It doesn't speak too highly of the innovative thinking in the games industry that a simple cosmetic makeover can spark talk of originality and freshness. Deadly Creatures is a third-person action-adventure, with a heavy emphasis on melee fighting. It just happens to have a tarantula and a scorpion as its heroes, instead of a cyborg space marine ninja avenging the murder of his twin brother who was also a wizard.
To begin with, at least, the change in perspective is compelling enough to make up for the rather threadbare construction. Alternating between the tarantula and scorpion, you explore your desert environment, occasionally fighting against each other as well as local predators, munching on crickets and grubs to top up your health afterwards. Each objective met, and each enemy slain, earns you points which unlock new moves when your total hits certain preset points.
The scorpion is able to dig through cracked earth and slash through dry weeds. The spider can jump over lower obstacles and travel from one web to another in a bungee-cord fashion. Both are able to stick to walls, provided there's a gentle slope up to them, and this freedom from the horizontal makes exploration an entertaining prospect during the early stages.
The mo-capped animation on both lead creatures is appropriately creepy and realistic, and scuttling them through the well-rendered, dusty micro-universe they inhabit throws up plenty of grim surprises. A family of spiders skitters from a crack in the belly of a forlorn garden gnome. A subterranean insect lair is illuminated by the glow from a lost mobile phone. In one particularly memorable scene you realise that you've crawled into a coffin, and must travel up, over and through the desiccated bones of the poor wretch whose final resting place you've accidentally invaded.
The game even boasts an unusual, and rather effective, approach to storytelling. As you're scurrying about around this small patch of desert, you sporadically encounter a pair of humans voiced by Billy Bob Thornton and Dennis Hopper. They're clearly up to no good, and while you're often encountering their story from afar - and almost entirely through audio rather than visuals - it spins into a fairly clever yarn with some great moments of humour. There's more than a touch of the classic Tales From The Crypt comics to the way their grisly saga unfolds, and you'll look soon be looking forward to each new eavesdropped snippet of dialogue.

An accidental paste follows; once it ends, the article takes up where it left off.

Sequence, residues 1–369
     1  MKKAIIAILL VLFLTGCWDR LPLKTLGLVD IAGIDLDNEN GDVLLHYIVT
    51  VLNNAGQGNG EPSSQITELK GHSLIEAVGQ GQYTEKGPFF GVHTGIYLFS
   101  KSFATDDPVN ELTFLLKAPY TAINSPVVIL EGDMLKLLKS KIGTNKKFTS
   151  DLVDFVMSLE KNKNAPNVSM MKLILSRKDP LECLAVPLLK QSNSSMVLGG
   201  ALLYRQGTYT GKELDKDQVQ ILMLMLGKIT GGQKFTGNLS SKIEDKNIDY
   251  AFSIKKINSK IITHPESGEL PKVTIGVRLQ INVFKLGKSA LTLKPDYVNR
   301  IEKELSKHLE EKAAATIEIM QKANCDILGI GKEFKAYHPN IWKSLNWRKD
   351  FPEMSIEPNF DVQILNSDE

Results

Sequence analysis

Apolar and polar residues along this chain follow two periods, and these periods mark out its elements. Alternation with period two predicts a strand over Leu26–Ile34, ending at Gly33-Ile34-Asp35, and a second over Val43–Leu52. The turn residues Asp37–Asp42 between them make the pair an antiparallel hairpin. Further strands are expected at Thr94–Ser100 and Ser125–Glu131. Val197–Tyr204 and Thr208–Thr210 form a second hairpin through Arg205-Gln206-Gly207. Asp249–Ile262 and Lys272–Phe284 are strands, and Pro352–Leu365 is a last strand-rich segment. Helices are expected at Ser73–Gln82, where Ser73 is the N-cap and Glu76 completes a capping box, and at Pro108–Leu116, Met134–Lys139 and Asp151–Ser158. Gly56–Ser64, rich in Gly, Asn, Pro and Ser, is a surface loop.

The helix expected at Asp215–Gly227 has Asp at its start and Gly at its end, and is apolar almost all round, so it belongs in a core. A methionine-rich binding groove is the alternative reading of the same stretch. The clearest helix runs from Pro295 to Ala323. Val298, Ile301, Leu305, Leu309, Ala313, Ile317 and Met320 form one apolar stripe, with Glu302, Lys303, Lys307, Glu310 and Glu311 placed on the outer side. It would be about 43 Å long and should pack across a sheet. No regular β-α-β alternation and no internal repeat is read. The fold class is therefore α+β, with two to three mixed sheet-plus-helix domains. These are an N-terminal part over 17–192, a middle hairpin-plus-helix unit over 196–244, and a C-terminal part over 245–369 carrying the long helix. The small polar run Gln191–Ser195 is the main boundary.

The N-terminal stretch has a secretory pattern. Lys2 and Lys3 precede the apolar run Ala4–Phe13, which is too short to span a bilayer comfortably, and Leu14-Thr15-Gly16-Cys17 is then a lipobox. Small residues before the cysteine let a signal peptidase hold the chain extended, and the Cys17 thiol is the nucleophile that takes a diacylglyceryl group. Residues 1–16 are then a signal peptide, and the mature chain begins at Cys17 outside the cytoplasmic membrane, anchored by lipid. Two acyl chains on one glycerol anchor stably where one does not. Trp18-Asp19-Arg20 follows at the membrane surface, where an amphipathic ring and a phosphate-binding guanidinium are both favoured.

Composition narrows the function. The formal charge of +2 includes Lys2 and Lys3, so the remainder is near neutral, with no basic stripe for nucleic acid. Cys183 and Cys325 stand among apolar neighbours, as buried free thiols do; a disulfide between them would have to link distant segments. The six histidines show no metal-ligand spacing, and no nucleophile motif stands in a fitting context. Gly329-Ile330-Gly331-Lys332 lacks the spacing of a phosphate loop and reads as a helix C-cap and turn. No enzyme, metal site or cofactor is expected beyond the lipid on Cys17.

Sadly, by the time the game reaches the halfway point of its ten short stages, the quirky concept is no longer enough to make up for some fairly grievous problems with the game engine. The camera is a wayward thing, making the game's topsy-turvy levels a chore to navigate, especially in close quarters, while the free-look system feels sticky and awkward. The way ahead is often obscured just beyond the limitations of your view, and you're frequently reduced to holding down the 2 button to call up a giant arrow directing you through the game. On more than one occasion, both spider and scorpion dropped through the scenery and became trapped, forcing a restart.
Collision detection is also inconsistent, and with enemies that flicker, lurch and break through the solid geometry of the level with worrying frequency, the core fighting elements only become more frustrating as your foes become tougher. Reactions to your motion commands feel sluggish, and many of the later combat moves are practically worthless, requiring charge-up periods or combinations of buttons and movements that the game rarely gives you time to employ.
As the combat breaks down, the game starts taking cheap shots wherever possible. Enemies unleash block-breaking attacks that take off huge chunks of health, or use combo strings that leave little room for retaliation. Played on anything more than the easiest setting, the combat soon becomes incredibly annoying as the simple bugs of the early stages give way to rats, lizards and hornets that hover out of reach, only offering themselves up for damage for short periods of time. Helplessly flailing as your health is whittled down yet again by attacks you're seemingly unable to avoid or repel, the novelty of the setting soon wears thin. Boss battles, on the other hand, are simplistic affairs based around flashing weak spots and QTE sequences.
This brief and clunky Adventure Mode is all the game has to offer. There are no multiplayer options, no additional entertainments to unlock. Gobbling up the squirming grubs that litter the stages will grant you six galleries of concept art - ooh, thanks - but that's not nearly enough incentive to justify the exploration required to find all 405 of the squirmy blighters.
Deadly Creatures has an intriguing premise, and makes a strong first impression with its shudder-inducing animation and cute environmental details. That may be enough to curry favour with Wii owners starved of action games, but over the long haul the scariest thing about these critters is how shoddily constructed they are.